netFormulary North of Tyne and Gateshead Area Prescribing Committee NHS
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 Formulary Chapter 5: Infections - Full Chapter
05.03.01  Expand sub section  HIV infection
05.03.01  Expand sub section  Nucleoside reverse transcriptase inhibitors
05.03.01  Expand sub section  Protease inhibitors
Saquinavir
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Formulary
Red
High Cost Medicine
 
   
Tipranavir
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Formulary
Red
High Cost Medicine
 
   
Atazanavir
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Red
High Cost Medicine
  • For limited use as part of triple therapy where other protease inhibitors are unsuitable
 
   
Atazanavir sulfate and cobicistat
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Red
High Cost Medicine

To be used in accordance with NHS England Clinical Commissioning Policy (SSC1614).

 
   
Darunavir
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Red
High Cost Medicine
 
   
Darunavir and Cobicistat
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Red
High Cost Medicine

To be used in accordance with NHS England Clinical Commissioning Policy (SSC1614).

 
   
Fosamprenavir
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Red
High Cost Medicine
 
   
Indinavir
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Red
High Cost Medicine
 
   
Nelfinavir
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Red
High Cost Medicine
 
   
Ritonavir
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Red
High Cost Medicine
 
   
05.03.01  Expand sub section  Non-nucleoside reverse transcriptase inhibitors
05.03.01  Expand sub section  Other antiretrovirals to top
05.03.01  Expand sub section  Pharmacokinetic enhancers of anti-retrovirals
05.03.01  Expand sub section  Combination Products
 ....
Key
note Notes
Section Title Section Title (top level)
Section Title Section Title (sub level)
First Choice Item First Choice item
Non Formulary Item Non Formulary section
Restricted Drug
Restricted Drug
Unlicensed Drug
Unlicensed
Track Changes
Display tracking information
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Link to adult BNF
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Link to children's BNF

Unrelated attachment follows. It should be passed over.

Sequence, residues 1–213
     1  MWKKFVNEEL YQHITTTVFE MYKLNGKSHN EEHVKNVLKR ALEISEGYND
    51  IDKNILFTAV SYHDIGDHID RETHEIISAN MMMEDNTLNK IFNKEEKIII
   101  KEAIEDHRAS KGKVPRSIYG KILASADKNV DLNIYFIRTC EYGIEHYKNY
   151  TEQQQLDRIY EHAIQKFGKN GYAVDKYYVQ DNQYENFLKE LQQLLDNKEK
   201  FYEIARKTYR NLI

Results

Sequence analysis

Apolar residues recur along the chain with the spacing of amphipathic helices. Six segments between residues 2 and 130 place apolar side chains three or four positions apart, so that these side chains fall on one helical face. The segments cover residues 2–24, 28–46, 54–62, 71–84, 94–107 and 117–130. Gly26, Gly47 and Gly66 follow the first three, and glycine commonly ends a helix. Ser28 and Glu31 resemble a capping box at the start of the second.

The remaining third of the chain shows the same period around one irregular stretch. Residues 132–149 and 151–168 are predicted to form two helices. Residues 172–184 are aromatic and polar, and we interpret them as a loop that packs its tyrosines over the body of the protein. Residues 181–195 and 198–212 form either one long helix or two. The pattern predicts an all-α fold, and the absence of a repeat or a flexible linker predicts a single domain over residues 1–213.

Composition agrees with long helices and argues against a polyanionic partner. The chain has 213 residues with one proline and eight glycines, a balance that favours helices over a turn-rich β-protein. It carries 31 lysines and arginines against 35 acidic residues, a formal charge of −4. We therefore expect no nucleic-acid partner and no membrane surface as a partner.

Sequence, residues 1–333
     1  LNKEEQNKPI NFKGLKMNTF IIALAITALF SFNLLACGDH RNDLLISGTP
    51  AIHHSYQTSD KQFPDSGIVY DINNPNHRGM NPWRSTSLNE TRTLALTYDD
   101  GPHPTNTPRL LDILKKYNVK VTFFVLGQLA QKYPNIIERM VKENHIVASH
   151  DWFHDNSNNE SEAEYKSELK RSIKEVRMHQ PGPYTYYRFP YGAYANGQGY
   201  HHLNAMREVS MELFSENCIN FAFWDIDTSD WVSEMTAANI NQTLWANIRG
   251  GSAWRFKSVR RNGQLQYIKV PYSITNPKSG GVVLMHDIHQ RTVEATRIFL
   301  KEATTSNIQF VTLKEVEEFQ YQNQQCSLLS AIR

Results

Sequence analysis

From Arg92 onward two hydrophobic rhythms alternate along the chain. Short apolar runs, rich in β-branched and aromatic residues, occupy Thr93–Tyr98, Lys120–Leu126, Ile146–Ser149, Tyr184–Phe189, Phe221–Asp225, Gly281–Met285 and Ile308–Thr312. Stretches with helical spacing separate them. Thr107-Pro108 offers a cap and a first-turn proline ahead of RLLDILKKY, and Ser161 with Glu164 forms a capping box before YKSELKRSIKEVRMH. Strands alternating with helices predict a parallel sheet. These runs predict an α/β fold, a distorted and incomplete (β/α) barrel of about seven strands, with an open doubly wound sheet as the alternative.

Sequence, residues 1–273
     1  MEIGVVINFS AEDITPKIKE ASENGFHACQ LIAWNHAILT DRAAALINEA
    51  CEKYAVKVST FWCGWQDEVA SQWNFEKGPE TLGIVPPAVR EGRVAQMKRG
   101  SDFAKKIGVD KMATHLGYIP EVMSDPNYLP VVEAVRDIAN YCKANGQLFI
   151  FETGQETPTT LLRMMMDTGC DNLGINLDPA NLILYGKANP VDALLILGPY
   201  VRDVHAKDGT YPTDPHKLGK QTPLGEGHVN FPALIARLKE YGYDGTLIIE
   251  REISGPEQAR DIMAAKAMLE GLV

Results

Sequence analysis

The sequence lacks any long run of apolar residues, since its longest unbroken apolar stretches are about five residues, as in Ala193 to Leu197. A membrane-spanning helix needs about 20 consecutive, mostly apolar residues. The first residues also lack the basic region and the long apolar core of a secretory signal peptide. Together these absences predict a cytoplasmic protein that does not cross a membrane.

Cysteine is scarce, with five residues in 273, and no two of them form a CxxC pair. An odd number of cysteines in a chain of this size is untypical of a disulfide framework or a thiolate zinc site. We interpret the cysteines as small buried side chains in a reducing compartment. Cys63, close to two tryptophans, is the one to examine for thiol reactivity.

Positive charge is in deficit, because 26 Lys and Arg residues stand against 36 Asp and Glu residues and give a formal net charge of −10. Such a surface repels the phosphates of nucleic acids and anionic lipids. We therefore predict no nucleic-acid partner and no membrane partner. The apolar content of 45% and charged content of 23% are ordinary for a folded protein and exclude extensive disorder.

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Link to SPCs
SMC
Scottish Medicines Consortium
Cytotoxic Drug
Cytotoxic Drug
CD
Controlled Drug
High Cost Medicine
High Cost Medicine
Cancer Drugs Fund
Cancer Drugs Fund
NHSE
NHS England
Homecare
Homecare
CCG
CCG

Traffic Light Status Information

Status Description

Red

Drugs for hospital use only. The responsibility for initiation and monitoring treatment should rest with an appropriate hospital clinician and the drug should be supplied through the hospital throughout the duration of treatment. In some very exceptional circumstances (e.g. due to distance from the hospital, storage, supply or mobility/transport problems) it may be appropriate for the GP to be asked to prescribe a Red drug. This should be negotiated on an individual patient basis and should only be done with the GP’s prior informed agreement where the roles of the GP and hospital services are clearly defined and agreed. The GP should not feel under pressure to prescribe in these circumstances.   

Amber

Drugs initiated by hospital specialist, but where continuing treatment by GPs may be appropriate under a shared care arrangement. The specialist should send the GP a copy of the shared care agreement to sign. The GP should sign the shared care agreement, or indicate they do not want to be part of such an agreement, and return a copy back to the specialist. Shared care guidelines are available or are being developed for most of the drugs listed as Amber. If no shared care guideline is available, the hospital specialist should provide the patient’s GP with sufficient information and support to allow treatment to be continued and managed safely in primary care.  

Green plus

Drugs normally recommended or initiated by hospital specialist, but where the provision of an information leaflet may be appropriate to facilitate continuing treatment by GPs. Many of these information sheets are in the process of development.  

Green

Drugs where prescribing by GPs is appropriate. Drugs not classified as Red, Amber or Green Plus (formerly blue in North of Tyne) are generally classified as ‘Green’ by default. The Green drugs listed here include those products normally initiated by hospital specialists where there was a need for discussion and debate as to the category in which they should be placed.  

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